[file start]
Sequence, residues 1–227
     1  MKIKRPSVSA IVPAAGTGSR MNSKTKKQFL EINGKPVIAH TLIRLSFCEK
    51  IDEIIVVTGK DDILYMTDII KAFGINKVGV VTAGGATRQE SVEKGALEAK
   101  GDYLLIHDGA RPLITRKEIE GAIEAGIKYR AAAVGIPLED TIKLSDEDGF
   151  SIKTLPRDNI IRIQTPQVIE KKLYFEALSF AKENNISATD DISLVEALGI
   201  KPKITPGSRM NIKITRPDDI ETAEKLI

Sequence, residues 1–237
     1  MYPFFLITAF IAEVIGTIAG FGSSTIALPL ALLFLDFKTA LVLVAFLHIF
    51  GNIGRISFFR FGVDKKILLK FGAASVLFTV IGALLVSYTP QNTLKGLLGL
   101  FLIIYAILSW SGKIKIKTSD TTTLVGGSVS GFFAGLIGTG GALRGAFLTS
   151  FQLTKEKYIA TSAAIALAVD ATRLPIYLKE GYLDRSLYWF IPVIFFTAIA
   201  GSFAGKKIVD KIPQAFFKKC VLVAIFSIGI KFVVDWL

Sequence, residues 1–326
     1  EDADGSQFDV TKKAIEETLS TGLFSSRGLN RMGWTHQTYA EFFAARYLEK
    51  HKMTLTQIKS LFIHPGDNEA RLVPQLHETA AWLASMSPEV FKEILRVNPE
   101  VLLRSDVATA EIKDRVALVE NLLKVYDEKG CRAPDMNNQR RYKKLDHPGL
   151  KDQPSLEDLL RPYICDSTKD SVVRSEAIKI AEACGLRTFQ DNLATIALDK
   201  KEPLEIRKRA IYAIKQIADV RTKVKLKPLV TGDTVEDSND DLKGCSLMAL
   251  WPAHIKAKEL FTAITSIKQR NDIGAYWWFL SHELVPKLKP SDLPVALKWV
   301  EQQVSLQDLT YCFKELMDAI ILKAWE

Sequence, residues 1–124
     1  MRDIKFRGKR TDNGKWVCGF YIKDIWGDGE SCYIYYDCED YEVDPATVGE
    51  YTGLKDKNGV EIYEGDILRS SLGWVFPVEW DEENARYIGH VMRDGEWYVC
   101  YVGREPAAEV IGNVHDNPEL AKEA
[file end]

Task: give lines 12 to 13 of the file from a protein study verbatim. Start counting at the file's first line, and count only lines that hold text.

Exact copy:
   201  GSFAGKKIVD KIPQAFFKKC VLVAIFSIGI KFVVDWL

Sequence, residues 1–326